If interested in a medical field, check out some of the AAS (Applied Associate's of Science) degrees that only take 2 years to complete and do not require "no grades below a B":

 

- Occupational Therapy Assistant

- Physical Therapy Assistant

- Radiation Therapist

- Respiratory Therapist

- Sonography Technician

- Radiology Technician

 

Oh, that is a great call, I could picture someone who's interested in fitness and a caring young man being a great PT assistant.


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#85 Lori D.

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Posted 15 November 2017 - 12:42 AM

Oh, that is a great call, I could picture someone who's interested in fitness and a caring young man being a great PT assistant.

 

And, it can be a stepping stone job, if the student ends up really loving one of these fields. :) Either work and save and then quit to attend classes to complete a degree. Or, many hospitals have tuition reimbursement programs, or programs that make it easy to schedule hours, so students can continue to work part time for the hospital and attend classes to get a degree.


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#86 Catwoman

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Posted 15 November 2017 - 12:57 AM

None of the local colleges have the kind of support that the schools we're looking at have. He clearly doesn't have the skills to be successful at our local CC. It's not the academic skills that he's missing. His academics aren't amazing, but they're solid enough. It's the problem solving and self advocacy. For example, he currently has an issue that he needs to meet with his disability counselor about at the CC, but the process for making an appointment with the disability counselor is so complicated that it took him a week to figure it out, and she books appointments a week in advance. So, there will be 2 weeks between me figuring out there was a problem and asking him to make the appointment, and him getting help. Meanwhile, because his anxiety about the unsolved problem is so high, he's having trouble making it to a class where attendance is a big part of the grade. So, even if he solves the initial problem, now he's got a new problem.

At the programs we'd be looking at, students meet every single day with a disability counselor/coach. That's a huge difference.

I think he's much more likely to be successful in college if he goes away, then if he stays home. So the question is really go away, or don't go to college at all.


Have you visited the schools you're considering to see if they might be a good fit for your son? Colleges can look amazing on paper, but when you get there and meet some of the people and hear their experiences, you often find that things aren't the way you expected them to be.

I would be particularly concerned in your son's case, because you need to be sure that he would actually be getting all of the personalized support that is advertised.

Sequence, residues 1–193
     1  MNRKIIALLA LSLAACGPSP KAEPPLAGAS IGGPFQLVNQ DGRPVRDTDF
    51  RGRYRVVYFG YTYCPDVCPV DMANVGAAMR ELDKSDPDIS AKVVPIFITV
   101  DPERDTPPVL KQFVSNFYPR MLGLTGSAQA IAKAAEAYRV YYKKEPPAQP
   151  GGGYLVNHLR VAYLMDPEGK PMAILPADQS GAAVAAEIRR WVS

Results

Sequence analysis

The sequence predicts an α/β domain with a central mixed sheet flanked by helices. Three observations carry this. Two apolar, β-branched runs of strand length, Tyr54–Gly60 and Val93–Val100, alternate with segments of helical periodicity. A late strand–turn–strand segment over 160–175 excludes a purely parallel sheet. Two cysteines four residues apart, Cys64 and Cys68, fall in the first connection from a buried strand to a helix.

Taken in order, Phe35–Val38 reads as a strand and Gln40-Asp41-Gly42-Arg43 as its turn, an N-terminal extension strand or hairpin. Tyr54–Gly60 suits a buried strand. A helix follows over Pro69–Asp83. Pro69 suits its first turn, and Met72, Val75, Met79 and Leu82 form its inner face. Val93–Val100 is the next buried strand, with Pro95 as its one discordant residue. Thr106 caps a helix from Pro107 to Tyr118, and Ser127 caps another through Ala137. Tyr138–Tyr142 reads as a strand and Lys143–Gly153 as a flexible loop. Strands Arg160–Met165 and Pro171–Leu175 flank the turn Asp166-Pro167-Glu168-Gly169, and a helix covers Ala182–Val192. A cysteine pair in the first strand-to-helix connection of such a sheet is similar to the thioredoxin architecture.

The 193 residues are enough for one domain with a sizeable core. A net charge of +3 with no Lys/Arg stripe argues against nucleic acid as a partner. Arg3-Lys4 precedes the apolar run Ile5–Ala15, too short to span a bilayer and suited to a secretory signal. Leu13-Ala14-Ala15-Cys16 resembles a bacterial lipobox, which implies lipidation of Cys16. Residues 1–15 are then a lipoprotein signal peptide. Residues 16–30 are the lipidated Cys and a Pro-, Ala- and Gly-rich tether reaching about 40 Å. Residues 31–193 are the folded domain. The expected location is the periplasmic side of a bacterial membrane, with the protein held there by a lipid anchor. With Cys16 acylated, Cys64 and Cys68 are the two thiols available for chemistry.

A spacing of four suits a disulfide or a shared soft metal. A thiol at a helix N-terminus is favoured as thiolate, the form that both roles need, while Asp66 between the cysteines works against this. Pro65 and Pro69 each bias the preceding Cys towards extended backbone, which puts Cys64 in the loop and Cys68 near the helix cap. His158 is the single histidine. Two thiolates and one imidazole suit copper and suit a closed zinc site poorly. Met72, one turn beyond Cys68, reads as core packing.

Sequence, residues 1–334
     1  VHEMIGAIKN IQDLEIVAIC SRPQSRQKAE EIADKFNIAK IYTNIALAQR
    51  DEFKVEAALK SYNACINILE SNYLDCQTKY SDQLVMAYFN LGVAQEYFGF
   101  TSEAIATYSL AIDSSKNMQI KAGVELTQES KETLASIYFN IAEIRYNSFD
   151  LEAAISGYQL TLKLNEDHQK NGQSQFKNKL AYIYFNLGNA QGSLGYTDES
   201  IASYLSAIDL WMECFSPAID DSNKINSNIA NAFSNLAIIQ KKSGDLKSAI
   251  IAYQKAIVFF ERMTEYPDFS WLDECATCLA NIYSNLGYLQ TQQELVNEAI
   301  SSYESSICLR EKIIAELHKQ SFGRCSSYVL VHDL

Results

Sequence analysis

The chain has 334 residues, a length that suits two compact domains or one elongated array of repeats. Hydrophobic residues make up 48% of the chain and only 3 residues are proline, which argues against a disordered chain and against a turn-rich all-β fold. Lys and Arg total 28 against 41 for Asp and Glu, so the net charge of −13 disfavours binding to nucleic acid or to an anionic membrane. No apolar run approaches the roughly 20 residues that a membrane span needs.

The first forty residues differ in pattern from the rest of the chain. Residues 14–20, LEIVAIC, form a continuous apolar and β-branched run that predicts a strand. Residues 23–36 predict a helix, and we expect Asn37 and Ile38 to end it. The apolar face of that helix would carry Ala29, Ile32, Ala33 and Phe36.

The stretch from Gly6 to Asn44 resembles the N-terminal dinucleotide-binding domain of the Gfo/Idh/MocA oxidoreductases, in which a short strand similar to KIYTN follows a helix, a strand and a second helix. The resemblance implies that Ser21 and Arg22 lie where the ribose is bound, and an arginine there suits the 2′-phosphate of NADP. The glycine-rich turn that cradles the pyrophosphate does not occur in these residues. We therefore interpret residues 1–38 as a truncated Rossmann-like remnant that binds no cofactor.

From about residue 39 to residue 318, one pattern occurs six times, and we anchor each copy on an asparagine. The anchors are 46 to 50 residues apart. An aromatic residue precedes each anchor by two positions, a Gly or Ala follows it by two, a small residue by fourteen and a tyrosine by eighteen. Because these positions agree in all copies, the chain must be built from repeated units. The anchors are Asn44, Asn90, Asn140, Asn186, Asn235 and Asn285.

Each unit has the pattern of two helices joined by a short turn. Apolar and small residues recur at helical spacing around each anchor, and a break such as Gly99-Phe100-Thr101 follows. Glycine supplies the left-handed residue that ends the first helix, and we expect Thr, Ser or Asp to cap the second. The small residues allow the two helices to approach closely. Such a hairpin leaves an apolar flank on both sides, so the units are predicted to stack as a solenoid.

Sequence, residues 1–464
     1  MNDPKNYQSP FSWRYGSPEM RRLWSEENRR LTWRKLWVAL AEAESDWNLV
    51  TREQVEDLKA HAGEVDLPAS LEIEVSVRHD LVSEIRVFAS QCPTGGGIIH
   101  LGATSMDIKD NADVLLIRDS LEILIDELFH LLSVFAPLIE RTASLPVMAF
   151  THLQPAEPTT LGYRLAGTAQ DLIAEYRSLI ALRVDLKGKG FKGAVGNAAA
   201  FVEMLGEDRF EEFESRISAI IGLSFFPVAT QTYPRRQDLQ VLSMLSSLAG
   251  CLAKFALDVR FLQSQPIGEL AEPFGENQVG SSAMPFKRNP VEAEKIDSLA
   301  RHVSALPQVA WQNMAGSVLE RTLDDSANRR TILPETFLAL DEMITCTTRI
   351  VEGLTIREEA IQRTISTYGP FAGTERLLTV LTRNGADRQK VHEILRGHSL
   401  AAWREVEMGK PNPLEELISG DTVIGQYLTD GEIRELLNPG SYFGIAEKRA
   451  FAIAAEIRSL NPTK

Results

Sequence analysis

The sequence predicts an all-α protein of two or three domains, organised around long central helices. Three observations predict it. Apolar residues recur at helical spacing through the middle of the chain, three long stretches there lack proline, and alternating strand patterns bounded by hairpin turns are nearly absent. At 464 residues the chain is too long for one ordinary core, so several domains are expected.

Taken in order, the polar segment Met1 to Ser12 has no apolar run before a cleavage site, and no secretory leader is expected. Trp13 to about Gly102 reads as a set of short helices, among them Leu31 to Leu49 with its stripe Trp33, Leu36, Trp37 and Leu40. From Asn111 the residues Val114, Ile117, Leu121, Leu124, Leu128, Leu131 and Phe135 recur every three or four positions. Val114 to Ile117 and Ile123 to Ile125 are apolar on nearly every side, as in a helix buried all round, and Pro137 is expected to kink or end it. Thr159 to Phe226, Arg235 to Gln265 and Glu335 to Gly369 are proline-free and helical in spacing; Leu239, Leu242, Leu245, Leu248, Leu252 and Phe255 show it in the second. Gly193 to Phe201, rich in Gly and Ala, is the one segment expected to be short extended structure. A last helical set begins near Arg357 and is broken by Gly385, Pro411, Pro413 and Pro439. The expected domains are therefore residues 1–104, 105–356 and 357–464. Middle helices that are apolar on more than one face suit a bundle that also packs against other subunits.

Also, is there any way for him to take some classes over the summer (at whichever school you choose) to see how it goes before you commit to paying for an entire school year? Or do they offer any courses over the winter break that he could try?

Also, please check on whether or not the students at these colleges are getting jobs after graduation. I don't know how challenging the academics are because I'm not familiar with the schools, but I'm assuming the courses are just like at any other college and the only difference is in the amount of personal assistance and guidance the students receive to help them succeed. But if any of the schools have a reputation for being "too easy," I would pass on those because it might be hard to find employment or get accepted into graduate school after graduation.
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#87 Tap

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Posted 15 November 2017 - 11:34 AM

I think a lot of it has to do with how his mental health and anxiety affect his every day living.

 

Is he is the type to get stressed out because he forgot to write a paper and shuts down? Does he get overwhelmed with work, so he hides in video games or sleeps all day?   Then I would suspect going away to college will make this worse, not better.

 

Is he the type to just not care and have a bunch of zeros on the grade book? But can still go to class, learn and just do intermittent work?  This is the situation where I think someone could turn it around and make it.  But he will have to know what works for him and take some skills with him. Like actualy using a planner. Understanding a syllabus and putting due dates on a calendar. etc  Even if it is an agreement with him, that you will Skype and have a once a week, scheduling meeting with him to check in on his progress. 

 

Does he try to do good work, but gets lots of missed points for forgetting details.  ie, he writes the paper but forgets to do the bibliography?  Does he make simple mistakes like missing a question on a scantron, and gets the answer rows off so he fails on material he actually knows?  Those are things that disability services and tutoring supports can help with. 

 

Does he have holes in his knowledge that could hold him back?  Does he get bored in class and checkout mentally, only to find that he missed important material while he was zoning out?  Many college textbooks have online components that people forget are there.  They often have links and explanations to material, that if the college student actually uses, can fill in some gaps. There are lots of basic tutorials on line like Khan Academy and Youtube if he is willing to use them.  Those do require willpower and determination to find and sit through, but the content is there if he wants it. 

 

I can totally understand you saying it isn't a maturity issue.  To me, it is more of a life experience issue.  Is he ready for this experience and can he be successful while he is there, taking his current "tool box" of life skills and struggles with him?  That will be very hard for anyone to gauge.  All I know is that if he is the type to shut down and hide when he is stressed, I wouldn't send him.  There are too many other opportunities in the world than to send him into a situation that will inevitably crush him.